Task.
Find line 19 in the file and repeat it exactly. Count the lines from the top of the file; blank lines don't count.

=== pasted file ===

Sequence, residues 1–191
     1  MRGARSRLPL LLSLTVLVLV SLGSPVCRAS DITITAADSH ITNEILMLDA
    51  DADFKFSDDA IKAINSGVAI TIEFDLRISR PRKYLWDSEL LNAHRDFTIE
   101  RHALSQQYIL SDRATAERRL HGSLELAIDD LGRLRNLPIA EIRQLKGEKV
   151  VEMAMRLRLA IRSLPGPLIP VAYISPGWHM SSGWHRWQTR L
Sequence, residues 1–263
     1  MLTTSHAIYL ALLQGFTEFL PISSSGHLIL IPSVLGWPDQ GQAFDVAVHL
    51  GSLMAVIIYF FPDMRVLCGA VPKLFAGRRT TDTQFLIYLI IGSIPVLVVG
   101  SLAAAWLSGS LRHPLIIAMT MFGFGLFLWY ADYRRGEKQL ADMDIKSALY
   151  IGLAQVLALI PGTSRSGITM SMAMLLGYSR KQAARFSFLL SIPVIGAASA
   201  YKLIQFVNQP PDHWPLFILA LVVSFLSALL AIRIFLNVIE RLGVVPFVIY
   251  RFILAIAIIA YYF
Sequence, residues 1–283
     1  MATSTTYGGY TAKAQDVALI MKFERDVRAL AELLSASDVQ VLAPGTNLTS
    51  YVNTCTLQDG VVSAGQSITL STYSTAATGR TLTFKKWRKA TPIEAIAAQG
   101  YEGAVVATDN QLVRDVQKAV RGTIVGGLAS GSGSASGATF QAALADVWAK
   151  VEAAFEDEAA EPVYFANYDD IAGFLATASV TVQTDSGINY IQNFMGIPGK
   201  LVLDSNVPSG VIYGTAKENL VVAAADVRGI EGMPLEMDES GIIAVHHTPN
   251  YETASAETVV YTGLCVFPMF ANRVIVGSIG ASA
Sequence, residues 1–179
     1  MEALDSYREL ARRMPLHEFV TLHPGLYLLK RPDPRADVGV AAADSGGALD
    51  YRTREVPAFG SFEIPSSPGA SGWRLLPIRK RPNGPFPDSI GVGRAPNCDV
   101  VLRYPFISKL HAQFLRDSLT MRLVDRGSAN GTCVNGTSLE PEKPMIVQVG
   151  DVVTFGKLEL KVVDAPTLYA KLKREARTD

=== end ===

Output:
   251  YETASAETVV YTGLCVFPMF ANRVIVGSIG ASA